Researchers at LSTM have shown the means by which one of the major species of mosquito responsible for transmitting malaria in Africa is becoming resistant to the insecticides used to treat the bednets which protect people from being bitten. This understanding can help tracking resistance and maintaining the effectiveness of tools used to control these mosquitoes.
In a paper published today in the journal PLoS Genetics a team of researchers from LSTM’s Department of Vector Biology, collaborating with a colleague at the University of Liverpool, have deciphered the detailed molecular basis of resistance in the African vector Anopheles funestus.
LSTM’s Dr Charles Wondji is senior author on the paper and a leading expert in vector genetics. He explained: “It is vital for the continued success of malaria control strategies that we understand, are able to identify and to anticipate the course of pyrethroid resistance in mosquitoes. Without genetic information on insecticide resistance genes and associated molecular markers this is extremely difficult.
He continued: “In this paper we demonstrated that allelic variation in major metabolic resistance genes (CYP6P9a and CYP6P9b) is the key mechanism driving pyrethroid resistance in An. funestus. Furthermore, we showed that three amino acid changes are the causative pyrethroid resistance markers. This information will allow the design of a DNA-based diagnostic assay for the early detection and tracking of resistance in the field as well as an ability to assess the true impact of resistance on malaria transmission and help ensure the continued effectiveness of pyrethroid-based interventions.”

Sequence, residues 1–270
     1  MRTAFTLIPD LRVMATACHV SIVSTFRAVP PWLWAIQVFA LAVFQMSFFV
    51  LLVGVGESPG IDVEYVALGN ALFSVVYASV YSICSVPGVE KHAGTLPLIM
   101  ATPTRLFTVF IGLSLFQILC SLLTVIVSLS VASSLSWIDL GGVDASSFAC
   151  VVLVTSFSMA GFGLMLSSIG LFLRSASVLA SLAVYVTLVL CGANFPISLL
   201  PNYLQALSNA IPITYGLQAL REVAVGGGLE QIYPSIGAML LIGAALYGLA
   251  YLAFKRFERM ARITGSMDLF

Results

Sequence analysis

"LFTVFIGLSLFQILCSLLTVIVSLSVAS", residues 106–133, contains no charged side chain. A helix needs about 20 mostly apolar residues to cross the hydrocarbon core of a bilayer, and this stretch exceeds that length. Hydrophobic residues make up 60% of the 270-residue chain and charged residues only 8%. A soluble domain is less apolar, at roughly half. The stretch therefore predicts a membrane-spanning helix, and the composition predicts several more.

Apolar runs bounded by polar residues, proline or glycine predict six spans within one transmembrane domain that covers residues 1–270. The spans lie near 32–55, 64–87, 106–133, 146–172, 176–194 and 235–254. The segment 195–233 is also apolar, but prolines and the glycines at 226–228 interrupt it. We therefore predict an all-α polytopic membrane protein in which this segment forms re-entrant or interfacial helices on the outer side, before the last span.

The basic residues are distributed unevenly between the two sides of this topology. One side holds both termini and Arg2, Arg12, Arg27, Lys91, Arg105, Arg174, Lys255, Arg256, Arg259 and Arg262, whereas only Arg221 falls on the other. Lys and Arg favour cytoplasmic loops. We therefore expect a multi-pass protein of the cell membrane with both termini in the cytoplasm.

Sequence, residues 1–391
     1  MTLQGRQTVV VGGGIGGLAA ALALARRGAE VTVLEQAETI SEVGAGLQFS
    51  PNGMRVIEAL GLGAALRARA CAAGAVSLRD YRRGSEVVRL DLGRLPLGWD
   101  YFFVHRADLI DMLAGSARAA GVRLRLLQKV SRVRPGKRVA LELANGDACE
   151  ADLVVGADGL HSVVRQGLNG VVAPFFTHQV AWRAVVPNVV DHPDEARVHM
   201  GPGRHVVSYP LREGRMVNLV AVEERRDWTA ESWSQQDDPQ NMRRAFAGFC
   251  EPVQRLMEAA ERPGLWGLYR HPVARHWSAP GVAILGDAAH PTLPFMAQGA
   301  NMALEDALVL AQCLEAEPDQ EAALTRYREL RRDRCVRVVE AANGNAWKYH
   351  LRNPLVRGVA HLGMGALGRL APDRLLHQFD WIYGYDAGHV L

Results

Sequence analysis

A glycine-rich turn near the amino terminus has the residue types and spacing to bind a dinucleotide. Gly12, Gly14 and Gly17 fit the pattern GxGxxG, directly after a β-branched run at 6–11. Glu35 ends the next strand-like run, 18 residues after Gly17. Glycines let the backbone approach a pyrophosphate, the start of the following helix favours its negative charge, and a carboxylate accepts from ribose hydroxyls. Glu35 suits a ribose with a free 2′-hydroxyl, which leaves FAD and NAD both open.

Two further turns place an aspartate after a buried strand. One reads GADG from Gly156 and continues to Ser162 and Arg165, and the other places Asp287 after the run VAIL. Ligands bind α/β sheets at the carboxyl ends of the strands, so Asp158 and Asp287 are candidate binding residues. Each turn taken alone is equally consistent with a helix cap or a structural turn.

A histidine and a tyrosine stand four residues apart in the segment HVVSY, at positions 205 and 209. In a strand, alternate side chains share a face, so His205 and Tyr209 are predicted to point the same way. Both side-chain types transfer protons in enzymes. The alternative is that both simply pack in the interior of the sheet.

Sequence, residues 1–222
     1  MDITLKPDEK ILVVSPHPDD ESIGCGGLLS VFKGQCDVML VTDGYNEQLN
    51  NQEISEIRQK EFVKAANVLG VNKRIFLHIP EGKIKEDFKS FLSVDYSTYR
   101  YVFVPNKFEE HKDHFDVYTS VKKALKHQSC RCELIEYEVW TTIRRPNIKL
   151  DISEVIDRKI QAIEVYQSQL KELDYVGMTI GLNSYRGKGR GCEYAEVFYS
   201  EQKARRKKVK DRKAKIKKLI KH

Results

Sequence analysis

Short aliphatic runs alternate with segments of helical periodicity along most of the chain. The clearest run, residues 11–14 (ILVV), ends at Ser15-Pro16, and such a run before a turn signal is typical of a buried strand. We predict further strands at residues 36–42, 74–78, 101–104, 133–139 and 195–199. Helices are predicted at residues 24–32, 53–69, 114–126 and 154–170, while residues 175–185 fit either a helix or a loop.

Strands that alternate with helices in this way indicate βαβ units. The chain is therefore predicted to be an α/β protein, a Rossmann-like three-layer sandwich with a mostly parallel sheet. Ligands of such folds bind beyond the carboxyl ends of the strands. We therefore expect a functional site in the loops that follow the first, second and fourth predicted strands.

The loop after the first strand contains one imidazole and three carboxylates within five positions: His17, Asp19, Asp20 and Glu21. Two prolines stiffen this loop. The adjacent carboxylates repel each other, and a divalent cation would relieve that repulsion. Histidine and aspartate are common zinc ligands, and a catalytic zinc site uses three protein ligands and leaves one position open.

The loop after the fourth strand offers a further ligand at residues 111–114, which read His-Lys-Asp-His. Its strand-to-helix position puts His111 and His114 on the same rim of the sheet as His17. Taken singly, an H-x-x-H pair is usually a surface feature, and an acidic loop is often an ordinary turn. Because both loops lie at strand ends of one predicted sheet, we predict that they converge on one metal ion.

Despite the decrease in deaths from malaria in recent decades it remains a very serious public health burden in tropical world, with around 584,000 deaths worldwide in 2013 according to the World Health Organization (WHO), 90% of which were in Africa and mostly in children under the age of five. The scale up of the distribution of Long Lasting Insecticide treated Nets (LLINs) has massively contributed to the reduction in malaria deaths in Africa. However, the success of control programmes is being threatened by growing resistance to pyrethroid insecticides, the only class of insecticide approved by WHO for the use in bednets, among some of the mosquito populations that spread the disease.
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